const ThingStateModel = types.model('MyThingsState', {
foo: 42,
configuration: ConfigurationSchema('MyThing', {
backgroundColor: {
defaultValue: 'white',
type: 'string',
},
}),
})

An example of a config schema with a sub-config schema is the BamAdapter, with the index sub-config schema

ConfigurationSchema(
'BamAdapter',
{
bamLocation: {
type: 'fileLocation',
defaultValue: { uri: '/path/to/my.bam', locationType: 'UriLocation' },
},
// this is a sub-config schema
index: ConfigurationSchema('BamIndex', {
indexType: {
model: types.enumeration('IndexType', ['BAI', 'CSI']),
type: 'stringEnum',
defaultValue: 'BAI',
},
location: {
type: 'fileLocation',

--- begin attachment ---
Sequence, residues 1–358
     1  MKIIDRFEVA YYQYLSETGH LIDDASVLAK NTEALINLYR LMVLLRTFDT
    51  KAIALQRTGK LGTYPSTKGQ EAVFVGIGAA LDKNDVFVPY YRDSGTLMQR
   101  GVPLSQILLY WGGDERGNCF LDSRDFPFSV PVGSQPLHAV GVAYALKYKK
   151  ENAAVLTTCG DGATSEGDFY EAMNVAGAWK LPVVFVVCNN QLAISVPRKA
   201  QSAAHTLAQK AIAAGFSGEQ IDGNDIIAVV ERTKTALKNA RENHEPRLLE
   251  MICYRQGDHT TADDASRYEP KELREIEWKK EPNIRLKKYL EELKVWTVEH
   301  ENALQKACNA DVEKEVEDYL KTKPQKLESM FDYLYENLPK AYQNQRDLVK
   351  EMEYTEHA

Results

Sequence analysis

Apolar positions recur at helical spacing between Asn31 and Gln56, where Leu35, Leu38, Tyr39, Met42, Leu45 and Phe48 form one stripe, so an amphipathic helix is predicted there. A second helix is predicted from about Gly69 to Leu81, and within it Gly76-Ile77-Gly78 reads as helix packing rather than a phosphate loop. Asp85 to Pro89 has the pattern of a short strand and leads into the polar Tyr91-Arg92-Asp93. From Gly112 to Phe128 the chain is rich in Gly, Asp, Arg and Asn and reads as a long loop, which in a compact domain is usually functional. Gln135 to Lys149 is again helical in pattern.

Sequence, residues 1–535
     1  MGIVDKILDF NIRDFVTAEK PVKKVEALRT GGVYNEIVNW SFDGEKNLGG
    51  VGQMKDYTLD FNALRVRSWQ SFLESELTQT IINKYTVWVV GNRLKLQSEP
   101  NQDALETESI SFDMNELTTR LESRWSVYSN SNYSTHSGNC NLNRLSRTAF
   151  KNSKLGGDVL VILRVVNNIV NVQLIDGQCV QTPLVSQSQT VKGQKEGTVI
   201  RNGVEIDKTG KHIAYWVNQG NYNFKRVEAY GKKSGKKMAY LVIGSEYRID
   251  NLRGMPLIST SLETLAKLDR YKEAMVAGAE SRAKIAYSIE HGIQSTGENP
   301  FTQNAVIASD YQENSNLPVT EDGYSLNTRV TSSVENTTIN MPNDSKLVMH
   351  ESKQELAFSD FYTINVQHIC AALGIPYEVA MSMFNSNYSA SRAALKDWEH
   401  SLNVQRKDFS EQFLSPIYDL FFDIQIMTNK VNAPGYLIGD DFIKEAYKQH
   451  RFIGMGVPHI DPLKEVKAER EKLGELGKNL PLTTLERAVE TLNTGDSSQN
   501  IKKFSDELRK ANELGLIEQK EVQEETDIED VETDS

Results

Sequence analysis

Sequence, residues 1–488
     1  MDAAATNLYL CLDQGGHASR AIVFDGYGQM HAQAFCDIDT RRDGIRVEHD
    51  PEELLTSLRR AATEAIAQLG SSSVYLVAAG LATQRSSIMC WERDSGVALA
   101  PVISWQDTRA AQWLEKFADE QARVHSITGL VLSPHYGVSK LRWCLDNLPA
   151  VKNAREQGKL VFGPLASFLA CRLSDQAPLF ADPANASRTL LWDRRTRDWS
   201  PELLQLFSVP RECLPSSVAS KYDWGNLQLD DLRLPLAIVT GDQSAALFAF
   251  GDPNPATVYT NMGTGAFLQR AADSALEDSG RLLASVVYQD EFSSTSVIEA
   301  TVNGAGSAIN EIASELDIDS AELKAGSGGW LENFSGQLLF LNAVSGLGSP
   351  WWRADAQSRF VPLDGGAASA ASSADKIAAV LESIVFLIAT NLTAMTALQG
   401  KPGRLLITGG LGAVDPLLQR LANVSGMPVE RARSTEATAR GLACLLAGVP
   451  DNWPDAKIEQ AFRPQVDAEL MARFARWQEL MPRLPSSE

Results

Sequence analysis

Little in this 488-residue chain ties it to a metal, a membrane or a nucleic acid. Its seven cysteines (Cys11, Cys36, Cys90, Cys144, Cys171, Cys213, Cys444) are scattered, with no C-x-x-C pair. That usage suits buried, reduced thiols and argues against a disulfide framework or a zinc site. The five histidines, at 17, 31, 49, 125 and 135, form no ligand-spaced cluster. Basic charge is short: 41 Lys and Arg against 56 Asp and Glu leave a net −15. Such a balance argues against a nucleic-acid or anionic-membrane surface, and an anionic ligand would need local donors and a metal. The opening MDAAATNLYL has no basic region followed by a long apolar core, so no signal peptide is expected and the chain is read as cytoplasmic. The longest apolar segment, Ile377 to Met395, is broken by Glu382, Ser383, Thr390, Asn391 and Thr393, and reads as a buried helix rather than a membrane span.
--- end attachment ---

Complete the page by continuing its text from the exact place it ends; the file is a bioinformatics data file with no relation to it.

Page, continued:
defaultValue: {
uri: '/path/to/my.bam.bai',
locationType: 'UriLocation',
},
},
}),
},
{ explicitlyTyped: true },
)

Reading the sub-config schema is as follows

const indexType = readConfObject(config, ['index', 'indexType'])

Alternatively can use

const indexConf = readConfObject(config, ['index'])
indexConf.indexType

However, this may miss default values from the slot, the readConfObject has special logic to fill in the default value

Creating adapters

What is an adapter

An adapter is essentially a class that fetches and parses your data and returns it in a format JBrowse understands.

For example, if you have some data source that contains genes, and you want to display those genes using JBrowse's existing gene displays, you can write a custom adapter to do so. If you want to do a custom display of your data, though, you'll probably need to create a custom display and/or renderer along with your adapter.

What types of adapters are there